This week NYC Council Member Daniel Dromm gathered on Roosevelt Avenue with Jackson Heights business owners, residents, environmental attorneys and other elected officials to announce a class action lawsuit against the MTA for harming public health with lead hazard on the Roosevelt Avenue train trestles.
“This lawsuit is a response to an urgent public health crisis that has endangered our community for far too long,” said NYC Council Member Daniel Dromm (D-Jackson Heights, Elmhurst), who identified this concern over seven years ago. “The facts are clear: lead levels in the paint chipping away from the 7 train trestles are over 40 times what they should be. Alarmingly, the MTA has been aware of and ignored these emergency conditions for years. For decades, they allowed this and the surrounding property to fall into disrepair. The MTA’s failure to address these hazardous conditions puts our families at risk. By filing this lawsuit, we seek to compel the MTA to take immediate action and restore safety for the thousands of men, women and children who live, work and go to the school near Roosevelt Avenue.”
Residents and property owners are currently endangered by lead and other hazardous materials released from the elevated structures of the MTA’s 7 train on Roosevelt Avenue. This elevated track and supporting structures has been neglected and poorly maintained for decades. Copious amounts of peeling lead paint, rust, structural wear and pigeon droppings are visible to, and falling on, pedestrians under and adjacent to the train trestle.
The lawsuit details how the MTA has wrongfully, knowingly, deliberately, intentionally, and as a matter of policy permitted a dangerous condition to exist and to continue to exist by:
● causing these structures to be covered with lead containing paints and other toxic substances in the first place,
● failing to adequately inspect, maintain and repair these elevated structures,
● failing to remediate or abate the dangerous conditions respecting these elevated structures,
● failing to clean up and otherwise minimize the hazardous conditions caused by the release of lead, lead based paint and other toxins from these structures, and
● falsely representing that no health hazard exists when it knows that the opposite is the case
Kate Foran, Phillips & Paolicelli LLP, said, “As counsel for these Plaintiffs we believe that the MTA’s knowing and continuing refusal to deal with the public health emergency that lead paint from the Flushing Line poses is unconscionable. Not only does it place small children, pregnant women and the rest of this community at great and cumulative risk, but it does so every day. This conduct, we believe, violates both Federal and State Law. It is our intention to ask the court to impose both a preliminary and a final injunction to compel the MTA to address this situation properly, once and for all.”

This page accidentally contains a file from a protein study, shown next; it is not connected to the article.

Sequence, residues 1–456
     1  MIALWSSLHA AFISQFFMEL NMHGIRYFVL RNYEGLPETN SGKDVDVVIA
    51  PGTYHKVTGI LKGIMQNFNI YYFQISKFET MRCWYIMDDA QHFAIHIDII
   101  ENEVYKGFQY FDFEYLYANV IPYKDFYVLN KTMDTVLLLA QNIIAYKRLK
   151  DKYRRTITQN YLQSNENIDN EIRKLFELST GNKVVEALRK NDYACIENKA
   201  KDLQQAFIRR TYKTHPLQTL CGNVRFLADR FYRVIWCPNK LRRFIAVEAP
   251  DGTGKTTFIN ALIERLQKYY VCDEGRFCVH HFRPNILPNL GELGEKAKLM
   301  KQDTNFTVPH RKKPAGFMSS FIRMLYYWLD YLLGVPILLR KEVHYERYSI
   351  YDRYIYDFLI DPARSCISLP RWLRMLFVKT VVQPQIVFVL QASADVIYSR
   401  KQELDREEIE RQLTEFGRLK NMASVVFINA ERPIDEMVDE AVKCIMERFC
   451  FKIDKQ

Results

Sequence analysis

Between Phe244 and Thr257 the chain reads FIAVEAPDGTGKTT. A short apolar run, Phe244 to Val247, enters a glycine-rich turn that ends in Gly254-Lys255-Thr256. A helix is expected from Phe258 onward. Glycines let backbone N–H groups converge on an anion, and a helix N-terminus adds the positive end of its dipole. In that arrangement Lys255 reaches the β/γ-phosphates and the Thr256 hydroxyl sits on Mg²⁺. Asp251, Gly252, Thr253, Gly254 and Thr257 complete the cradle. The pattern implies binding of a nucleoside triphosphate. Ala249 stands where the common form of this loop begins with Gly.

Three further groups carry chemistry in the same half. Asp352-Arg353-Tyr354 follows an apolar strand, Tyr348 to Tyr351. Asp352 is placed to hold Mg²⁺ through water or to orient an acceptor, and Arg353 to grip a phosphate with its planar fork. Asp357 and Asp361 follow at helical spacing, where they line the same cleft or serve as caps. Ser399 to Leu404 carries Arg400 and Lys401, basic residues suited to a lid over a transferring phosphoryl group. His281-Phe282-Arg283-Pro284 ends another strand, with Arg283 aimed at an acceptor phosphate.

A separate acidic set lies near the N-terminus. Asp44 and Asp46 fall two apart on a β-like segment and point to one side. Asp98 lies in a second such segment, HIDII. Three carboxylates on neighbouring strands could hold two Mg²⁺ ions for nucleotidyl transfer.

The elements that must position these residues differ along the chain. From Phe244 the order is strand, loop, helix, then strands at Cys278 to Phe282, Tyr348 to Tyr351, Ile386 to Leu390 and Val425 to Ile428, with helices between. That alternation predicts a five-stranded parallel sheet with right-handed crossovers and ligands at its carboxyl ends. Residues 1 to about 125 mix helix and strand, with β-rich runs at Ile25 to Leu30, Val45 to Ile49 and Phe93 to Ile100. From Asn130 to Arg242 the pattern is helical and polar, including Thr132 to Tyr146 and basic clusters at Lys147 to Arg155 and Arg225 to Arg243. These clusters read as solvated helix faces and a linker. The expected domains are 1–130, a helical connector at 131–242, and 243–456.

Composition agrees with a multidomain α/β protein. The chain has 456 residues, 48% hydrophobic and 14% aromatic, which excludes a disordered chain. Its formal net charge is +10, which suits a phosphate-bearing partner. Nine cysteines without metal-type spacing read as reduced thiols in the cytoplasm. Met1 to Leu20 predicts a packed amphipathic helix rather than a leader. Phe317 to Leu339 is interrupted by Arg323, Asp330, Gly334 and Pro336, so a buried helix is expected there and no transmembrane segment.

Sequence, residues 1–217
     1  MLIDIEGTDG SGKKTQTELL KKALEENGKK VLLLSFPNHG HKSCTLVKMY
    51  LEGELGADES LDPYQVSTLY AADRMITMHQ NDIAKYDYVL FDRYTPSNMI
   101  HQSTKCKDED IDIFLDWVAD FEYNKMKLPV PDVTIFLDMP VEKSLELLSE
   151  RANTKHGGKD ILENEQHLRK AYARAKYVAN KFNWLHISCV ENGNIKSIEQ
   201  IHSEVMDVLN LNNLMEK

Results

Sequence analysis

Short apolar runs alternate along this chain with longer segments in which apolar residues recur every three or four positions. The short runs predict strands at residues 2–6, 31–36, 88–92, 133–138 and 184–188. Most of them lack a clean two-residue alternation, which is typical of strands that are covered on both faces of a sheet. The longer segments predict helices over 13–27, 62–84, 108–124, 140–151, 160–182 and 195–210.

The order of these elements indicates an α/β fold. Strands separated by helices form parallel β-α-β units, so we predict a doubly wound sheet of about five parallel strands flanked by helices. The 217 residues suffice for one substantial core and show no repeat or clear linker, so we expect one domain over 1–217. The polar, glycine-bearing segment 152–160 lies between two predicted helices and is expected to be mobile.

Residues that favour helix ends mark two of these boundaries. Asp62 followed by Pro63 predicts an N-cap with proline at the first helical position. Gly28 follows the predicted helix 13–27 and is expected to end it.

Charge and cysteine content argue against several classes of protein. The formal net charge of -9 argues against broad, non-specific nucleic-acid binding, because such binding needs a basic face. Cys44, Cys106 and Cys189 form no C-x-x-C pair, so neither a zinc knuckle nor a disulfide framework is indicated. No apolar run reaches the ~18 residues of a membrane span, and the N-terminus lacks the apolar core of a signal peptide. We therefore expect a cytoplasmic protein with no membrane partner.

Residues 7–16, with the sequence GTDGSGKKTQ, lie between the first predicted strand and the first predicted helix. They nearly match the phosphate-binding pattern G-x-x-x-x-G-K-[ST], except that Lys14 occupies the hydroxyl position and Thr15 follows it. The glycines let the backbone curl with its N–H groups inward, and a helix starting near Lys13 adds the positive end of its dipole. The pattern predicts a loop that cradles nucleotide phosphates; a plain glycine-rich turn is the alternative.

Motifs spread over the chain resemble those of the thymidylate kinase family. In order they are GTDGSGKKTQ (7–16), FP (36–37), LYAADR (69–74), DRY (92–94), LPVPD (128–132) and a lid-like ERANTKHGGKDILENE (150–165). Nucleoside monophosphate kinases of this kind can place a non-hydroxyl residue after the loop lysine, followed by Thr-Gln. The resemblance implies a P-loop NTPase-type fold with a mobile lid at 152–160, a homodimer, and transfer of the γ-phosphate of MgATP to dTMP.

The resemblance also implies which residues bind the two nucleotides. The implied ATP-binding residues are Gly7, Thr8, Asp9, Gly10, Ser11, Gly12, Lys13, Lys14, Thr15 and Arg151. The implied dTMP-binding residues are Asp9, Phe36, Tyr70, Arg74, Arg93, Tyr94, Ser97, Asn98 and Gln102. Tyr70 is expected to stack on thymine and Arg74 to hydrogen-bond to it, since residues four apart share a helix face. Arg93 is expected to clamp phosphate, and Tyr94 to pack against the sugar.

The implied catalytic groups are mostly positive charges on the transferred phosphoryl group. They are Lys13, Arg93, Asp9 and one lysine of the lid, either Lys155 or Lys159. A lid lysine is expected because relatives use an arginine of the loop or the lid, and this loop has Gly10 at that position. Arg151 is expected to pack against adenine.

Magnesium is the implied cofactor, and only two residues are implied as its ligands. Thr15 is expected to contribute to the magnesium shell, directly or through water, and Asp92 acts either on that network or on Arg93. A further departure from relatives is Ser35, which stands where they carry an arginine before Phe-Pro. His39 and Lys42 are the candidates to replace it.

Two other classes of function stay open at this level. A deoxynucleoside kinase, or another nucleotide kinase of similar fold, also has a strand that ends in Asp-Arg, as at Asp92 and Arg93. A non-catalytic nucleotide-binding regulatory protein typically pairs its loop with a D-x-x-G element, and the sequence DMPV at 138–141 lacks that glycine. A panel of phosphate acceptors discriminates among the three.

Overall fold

“I signed onto to this class action lawsuit to urge the MTA to put children and families first,” said plaintiff Tammy Rose, the Executive Director of Jackson Heights Early Learning Center. “They are the most vulnerable and depend on the #7 train line to get their children to school. They also walk under the train trestles every day. The lead paint particles and debris that children have to endure on a daily basis could be quickly remediated by the MTA if they upheld their own mission statement which is to preserve and enhance the quality of life and economic health of the regions they serve. Now is the time for the MTA to act and take a stand to protect our children and families.”
“I am extremely concerned about the presence of dangerous lead paint in the Roosevelt Avenue elevated train as the result of the MTA’s failure to maintain this structure and their contempt for our community,” said Dudley Stewart, a plaintiff and the president of Jackson Heights Green Alliance. “It is our hope that this lawsuit will fix this situation immediately and prevent any more people from getting harmed by toxic lead paint.”
“The MTA’s failure to adequately maintain the elevated 7-line across Roosevelt Avenue is jeopardizing the health of the communities that live below,” said Rep. Joe Crowley (D-Queens, the Bronx). “The results of the recent analysis conducted on the paint chips falling from the structure are alarming and we can no longer afford to sit idly by as the MTA fails to address these hazardous conditions.”
“After Council Member Dromm and I spoke with DC9 about the paint chipping off from the 7-line, they tested for lead and the results were alarming,” said Assemblymember Francisco P. Moya. “The community is rightfully concerned that the high lead concentrations in the paint is a health hazard, and must be immediately remediated by scraping the existing paint and providing a new coat. Congressman Crowley, Council Member Dromm and I requested that the MTA provide a timeline for addressing the lead paint, but their lack of response illustrates that the agency has been unwilling to give this issue the attention it warrants. The MTA has had every opportunity to acknowledge this problem, but chose instead to dismiss these concerns and now the community must take action. I stand by the community’s decision to file a class action lawsuit and will support their commendable efforts in every way possible.”
Council Member Julissa Ferreras-Copeland said, “For decades the structure of the 7 train has been neglected by the MTA, creating conditions that endanger the health and safety of our community, most of whom are people of color. And while the cost of public transportation continues to increase almost every year, the MTA has failed to invest in remediating these conditions. I commend Council Member Dromm for leading the charge to get the truth and hold the MTA accountable. Our community deserves better.”